In the Junior Division, ages 12 and 13, Julia Neeld placed fifth, winning a rosette ribbon. A total of 93 competitors from clubs in nine Vermont counties competed at the University of Vermont Extension 4-H event. The 4-Hers were evaluated on how well they judged and placed horses in two classes, as well as their overall knowledge of breeds, feeds and forages, tack, animal nutrition, anatomy, confirmation, horse care and other equine science topics.


NEFCU donates to Williston Food Shelf

New England Federal Credit Union presented a $625 check to the Williston Community Food Shelf on April 12, awarded through the credit union’s defined giving program.

The Food Shelf applied for a grant last fall and was one of four organizations awarded in a blind drawing.

Teens learn saving over spending

Colin Ryan talks to teens at a financial literacy seminar at New England Federal Credit Union. (Observer photo by Rachel Gill)

Colin Ryan talks to teens at a financial literacy seminar at New England Federal Credit Union. (Observer photo by Rachel Gill)

By Rachel Gill

Observer correspondent

Saving money is all about marshmallows.

“To talk about money you have to talk about marshmallows,” said Colin Ryan, addressing about a dozen teens and their parents during “Economy of Me,” a finance workshop for Vermont teens. Ryan, a financial literacy speaker for the Association of Vermont Credit Unions and a standup comedian, spoke at an April 10 workshop at The New England Federal Credit Union in Williston.

“What I am really talking about here is saving your money,” Ryan said. The marshmallow theory came from a psychological study of 4 year olds, Ryan said, known as the Marshmallow Test. Organizers took a group of 4 year olds and gave them each one marshmallow. The organizers left the children alone in a room and said they could either eat the marshmallow now or wait until the organizers returned, when they would get two marshmallows.

“It’s not easy to not indulge in what’s right in front of you, this is all about spending or saving,” Ryan said. “It’s just about saving your money to pursue the dream of what you want to do with your life.”

To do this, the first step is to indentify your marshmallow.

“Figure out what you spend your money on but probably should not be,” Ryan said. “This is about controlling impulse so you can manage the money in your pocket.”

Ryan instructed the students to begin by making a list of all expenses—everything from food costs to cell phone plans—and estimates on how much is spent on each. The result is the cost of each item per month and per year.

Avery Caterer, a senior at Champlain Valley Union High School and workshop attendee, said his marshmallow is clothing.

“It was frightening to learn how much money I spend on clothing, it adds up really quick,” Caterer said. “This helped show me how to save money instead.”

Over the last three years, Ryan has talked to 30,000 teens all over Vermont about money. He’s found that expenses add up: gas averages $1,648 a year, cell phone plans $799 a year and clothes about $1,300 a year.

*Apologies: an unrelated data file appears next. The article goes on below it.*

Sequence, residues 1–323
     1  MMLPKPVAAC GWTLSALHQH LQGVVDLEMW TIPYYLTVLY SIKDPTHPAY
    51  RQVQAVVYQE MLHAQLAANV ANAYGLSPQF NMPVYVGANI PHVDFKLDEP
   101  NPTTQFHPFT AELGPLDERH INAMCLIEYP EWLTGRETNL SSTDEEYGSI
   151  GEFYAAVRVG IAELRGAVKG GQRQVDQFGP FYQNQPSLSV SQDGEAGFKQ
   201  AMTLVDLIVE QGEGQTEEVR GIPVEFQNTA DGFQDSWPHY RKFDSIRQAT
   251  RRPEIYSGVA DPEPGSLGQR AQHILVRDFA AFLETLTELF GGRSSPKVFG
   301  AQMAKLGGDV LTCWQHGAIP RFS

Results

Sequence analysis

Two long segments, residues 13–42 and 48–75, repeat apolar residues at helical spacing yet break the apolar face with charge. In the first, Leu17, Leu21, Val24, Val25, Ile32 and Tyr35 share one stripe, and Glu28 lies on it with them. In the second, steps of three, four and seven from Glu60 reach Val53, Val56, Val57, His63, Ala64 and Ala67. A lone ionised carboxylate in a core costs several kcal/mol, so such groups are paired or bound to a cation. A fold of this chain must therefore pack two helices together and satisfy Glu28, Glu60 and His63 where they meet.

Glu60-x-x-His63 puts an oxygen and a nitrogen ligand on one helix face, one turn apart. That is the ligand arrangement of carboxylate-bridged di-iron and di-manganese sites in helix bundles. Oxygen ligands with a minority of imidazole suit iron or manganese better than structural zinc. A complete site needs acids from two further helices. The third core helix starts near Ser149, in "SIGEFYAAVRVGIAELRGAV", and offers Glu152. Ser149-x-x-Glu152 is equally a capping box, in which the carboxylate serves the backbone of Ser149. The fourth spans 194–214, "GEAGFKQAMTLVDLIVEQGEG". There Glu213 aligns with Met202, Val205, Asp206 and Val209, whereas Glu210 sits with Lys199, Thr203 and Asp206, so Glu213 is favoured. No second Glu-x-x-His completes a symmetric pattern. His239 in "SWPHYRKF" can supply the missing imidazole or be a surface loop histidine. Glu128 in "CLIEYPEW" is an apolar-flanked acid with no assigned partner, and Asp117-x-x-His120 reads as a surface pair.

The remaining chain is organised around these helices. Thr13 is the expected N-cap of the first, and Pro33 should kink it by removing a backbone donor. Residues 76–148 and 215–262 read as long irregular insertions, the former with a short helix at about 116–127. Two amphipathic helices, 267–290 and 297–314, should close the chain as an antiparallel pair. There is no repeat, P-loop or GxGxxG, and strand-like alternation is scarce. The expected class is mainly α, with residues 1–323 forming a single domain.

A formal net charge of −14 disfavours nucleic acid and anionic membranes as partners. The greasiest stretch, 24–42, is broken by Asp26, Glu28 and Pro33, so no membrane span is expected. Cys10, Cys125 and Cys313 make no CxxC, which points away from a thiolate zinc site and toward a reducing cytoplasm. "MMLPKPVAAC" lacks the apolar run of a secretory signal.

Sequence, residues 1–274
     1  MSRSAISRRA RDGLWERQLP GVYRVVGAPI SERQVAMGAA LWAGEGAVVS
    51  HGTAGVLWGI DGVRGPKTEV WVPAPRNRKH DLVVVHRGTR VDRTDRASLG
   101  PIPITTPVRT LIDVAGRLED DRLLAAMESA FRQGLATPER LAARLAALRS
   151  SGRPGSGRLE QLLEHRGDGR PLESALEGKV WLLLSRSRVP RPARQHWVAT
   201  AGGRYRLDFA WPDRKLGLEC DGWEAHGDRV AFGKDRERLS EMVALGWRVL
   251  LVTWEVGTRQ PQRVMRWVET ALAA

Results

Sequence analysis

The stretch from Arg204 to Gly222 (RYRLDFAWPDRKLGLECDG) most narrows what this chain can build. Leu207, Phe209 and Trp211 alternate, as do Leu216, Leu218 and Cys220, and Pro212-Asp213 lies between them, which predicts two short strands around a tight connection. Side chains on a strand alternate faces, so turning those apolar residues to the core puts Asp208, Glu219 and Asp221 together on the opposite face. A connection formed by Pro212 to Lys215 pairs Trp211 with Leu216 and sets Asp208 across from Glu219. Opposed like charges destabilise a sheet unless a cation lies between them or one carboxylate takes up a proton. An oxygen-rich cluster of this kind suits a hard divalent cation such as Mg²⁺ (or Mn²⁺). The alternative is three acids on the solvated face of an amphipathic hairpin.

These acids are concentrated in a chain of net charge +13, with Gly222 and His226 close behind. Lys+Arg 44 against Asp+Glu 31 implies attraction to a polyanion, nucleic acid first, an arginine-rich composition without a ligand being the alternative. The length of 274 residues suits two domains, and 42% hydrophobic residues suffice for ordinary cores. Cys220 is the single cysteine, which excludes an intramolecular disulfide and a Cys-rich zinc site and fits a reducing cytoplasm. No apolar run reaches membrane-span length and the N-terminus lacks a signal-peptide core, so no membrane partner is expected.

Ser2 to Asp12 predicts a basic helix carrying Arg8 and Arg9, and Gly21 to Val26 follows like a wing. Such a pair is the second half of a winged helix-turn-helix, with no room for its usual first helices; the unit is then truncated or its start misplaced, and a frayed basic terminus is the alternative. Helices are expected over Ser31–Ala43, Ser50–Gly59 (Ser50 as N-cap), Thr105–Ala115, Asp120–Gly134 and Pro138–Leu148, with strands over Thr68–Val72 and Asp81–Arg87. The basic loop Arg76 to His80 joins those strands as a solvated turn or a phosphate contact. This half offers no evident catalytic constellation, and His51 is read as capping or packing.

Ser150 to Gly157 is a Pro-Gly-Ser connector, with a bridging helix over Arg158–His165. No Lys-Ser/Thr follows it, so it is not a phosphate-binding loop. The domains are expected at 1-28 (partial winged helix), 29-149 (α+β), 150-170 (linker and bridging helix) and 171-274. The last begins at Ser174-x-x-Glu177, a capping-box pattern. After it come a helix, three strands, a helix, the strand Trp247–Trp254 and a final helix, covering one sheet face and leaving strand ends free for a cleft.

“This can change,” Ryan said. “There are ways to reduce spending.”

One way to slash spending is to track it.

“Write everything down,” Ryan said. “One tool is, using Mint.com, you enter all your expenses and it alerts you via email when you have gone over your budget.”

Aside from accountability, Ryan said to drive like the rich.

“Less than 25 percent of millionaires drive new cars,” Ryan said. “Most drive used cars. Repairs are cheaper and it gives them the freedom to do what they want with their money.”

Jill Lang of Williston agreed. It’s college over a car for her son.

“I think we should wait until after college to buy my son a car,” she said. “He may be the only senior riding the bus, but it will let him use that money for more important things. That’s easier said than done though.”

Buying used also goes for clothes.

“Used clothes shops can make for a huge savings,” Ryan said. “Buying new things is not a real solution for making us feel better, but our culture tells us it is.”

Another money saver is cooking at home.

“Go out to eat less, you will save money every month for the rest of your life,” Ryan said. “For 10 bucks you can cook 12 spaghetti dinners and (make) 22 peanut butter and jelly sandwiches.”

Ryan said that doesn’t mean resigning yourself to a lifetime of sandwiches and spaghetti.

“Just bringing your lunch to work or school will be a big money saver,” Ryan said.

No matter how you spend your money, getting advice on saving is a good idea.

“I liked the charts, it let me see how things add up,” said Sydney Langdeau of Milton, one of the workshops’ teen attendees.

Landgeau’s dad, Gary, said he appreciates Ryan’s message.

“It’s nice to hear someone else say the things a parent would say to their kids. That reinforcement really helps,” he said.

Ryan hopes his message gives teens the ability to pursue anything and everything.

“There’s so much pressure to be a consumer and that can take a major toll,” Ryan said. “I hope these teens come away with a sense of hope that they have the ability to manage their money and to do what they want to do in life.”